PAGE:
Funds from the Gabriella Miller Kids First Pediatric Research Program will establish a "first-in-kind" data discovery and sharing platform to support collaborative pediatric research
The Center for Data Driven Discovery in Biomedicine at Children's Hospital of Philadelphia (CHOP) will lead a new, collaborative effort funded by the National Institutes of Health Common Fund to discover the causes of pediatric cancer and structural birth defects through the use of big data. The Center will be known as the "Kids First Pediatric Data Resource Center" (DRC).
Investigators at CHOP, in partnership with the Ontario Institute for Cancer Research, the University of Chicago, Children's National Health System, the Oregon Health and Science University and Seven Bridges, will create a centralized, cloud-based database and discovery portal of well-curated clinical and genetic sequence data from dozens of childhood cancer and structural birth defects cohorts, comprising thousands of patients and their families. Partner organizations will provide expertise in the following areas:
- The Ontario Institute for Cancer Research will support the innovative design and development of the Kids First Data Resource Portal (DRP) and associated web-based analytic tools for Kids First's disease-specific data sets.
- University of Chicago will partner in the management and optimization of large-scale, genomic data processing for the Kids First initiative. They will also support the data coordination efforts by establishing cloud-based, open-source software needed for the operations of the Data Coordination Center within Kids First.
- Children's National Health System will support project-specific efforts for the Administrative and Outreach Core within Kids First, and will also coordinate additional foundation and consortia-based partnerships for the generation of new, large-scale pediatric cancer and birth defects data.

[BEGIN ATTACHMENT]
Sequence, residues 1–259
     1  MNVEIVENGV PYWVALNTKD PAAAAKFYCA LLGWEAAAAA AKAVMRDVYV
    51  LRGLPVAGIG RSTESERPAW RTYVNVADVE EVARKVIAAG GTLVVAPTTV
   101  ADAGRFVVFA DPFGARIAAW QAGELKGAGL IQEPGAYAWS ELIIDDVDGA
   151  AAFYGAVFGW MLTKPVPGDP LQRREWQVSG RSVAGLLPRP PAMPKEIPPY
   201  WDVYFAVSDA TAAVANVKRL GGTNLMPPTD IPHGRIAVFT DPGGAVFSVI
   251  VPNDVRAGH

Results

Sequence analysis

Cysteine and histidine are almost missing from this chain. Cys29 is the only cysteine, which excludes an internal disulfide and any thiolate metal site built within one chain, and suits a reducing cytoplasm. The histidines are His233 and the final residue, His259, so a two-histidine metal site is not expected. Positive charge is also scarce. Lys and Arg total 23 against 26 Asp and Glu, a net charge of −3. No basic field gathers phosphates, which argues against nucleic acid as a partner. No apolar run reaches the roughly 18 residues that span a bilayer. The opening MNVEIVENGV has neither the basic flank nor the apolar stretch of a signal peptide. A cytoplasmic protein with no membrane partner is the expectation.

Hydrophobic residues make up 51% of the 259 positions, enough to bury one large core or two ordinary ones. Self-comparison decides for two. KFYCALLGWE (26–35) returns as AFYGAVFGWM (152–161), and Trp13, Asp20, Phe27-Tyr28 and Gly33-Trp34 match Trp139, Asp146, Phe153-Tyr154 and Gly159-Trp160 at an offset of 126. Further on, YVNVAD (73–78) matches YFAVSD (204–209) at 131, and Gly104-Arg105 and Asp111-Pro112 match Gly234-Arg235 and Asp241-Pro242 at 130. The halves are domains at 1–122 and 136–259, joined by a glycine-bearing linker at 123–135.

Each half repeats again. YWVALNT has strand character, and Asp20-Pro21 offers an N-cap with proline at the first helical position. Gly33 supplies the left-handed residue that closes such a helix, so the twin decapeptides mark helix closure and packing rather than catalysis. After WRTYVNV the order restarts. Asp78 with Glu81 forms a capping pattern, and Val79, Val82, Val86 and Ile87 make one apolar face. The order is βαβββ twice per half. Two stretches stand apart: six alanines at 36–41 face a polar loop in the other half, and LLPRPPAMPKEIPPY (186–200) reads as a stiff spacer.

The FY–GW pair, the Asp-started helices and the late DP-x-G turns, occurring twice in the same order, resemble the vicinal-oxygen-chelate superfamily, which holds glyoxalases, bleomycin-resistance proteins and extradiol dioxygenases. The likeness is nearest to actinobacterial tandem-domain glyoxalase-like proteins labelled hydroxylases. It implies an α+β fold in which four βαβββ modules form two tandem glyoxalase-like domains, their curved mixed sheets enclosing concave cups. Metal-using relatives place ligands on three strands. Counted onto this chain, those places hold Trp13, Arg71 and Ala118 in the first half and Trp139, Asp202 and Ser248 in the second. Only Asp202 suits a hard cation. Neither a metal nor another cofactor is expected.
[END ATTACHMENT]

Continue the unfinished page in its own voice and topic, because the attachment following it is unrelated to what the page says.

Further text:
- Oregon Health and Science University will provide resources and new technologies to the Data Coordination Center to support community standards and frameworks for reproducible genomic analysis. They also provide a deep knowledge of cross-disease analysis, especially in cancer.
- Seven Bridges will further develop the scalable, cloud-based data analysis platform using the infrastructure the company co-developed and deployed CAVATICA platform with CHOP. This platform will help researchers collaboratively analyze genomic data sets and provide access to Kids First data to the entire scientific community.
"Scientists are beginning to recognize the developmental biology connections between structural birth defects and pediatric cancers, and building on that shared understanding, we can now leverage new technologies, cloud computing, and sophisticated algorithms for collaborative discovery to develop improved, less toxic therapies," said Adam Resnick, PhD, Director of the Center for Data Driven Discovery in Biomedicine (D3b) at Children's Hospital of Philadelphia.
The Kids First Data Resource Center will allow researchers to instantly search large genomic datasets using new data visualization tools and cloud-based data-sharing platforms. Researchers will be able to identify genetic pathways that underlie and may possibly link childhood cancer and structural birth defects, such as congenital heart defects, hearing loss and cleft palate. Additionally, the DRC will develop new analytical tools to provide the research community with access to this large-scale data for use in the discovery of novel and improved treatments for children diagnosed with cancer or structural birth defects.
A lack of available resources and access to large-scale pediatric disease data limits the ability of research scientists to uncover new clues for biological discoveries of childhood cancer and structural birth defects, slowing the development of new diagnostics, less toxic treatments, or cures. The Kids First Data Resource Center will provide for non-siloed and integrative access to both genomic and clinical data across cancer and birth defects, a first in the pediatric research community.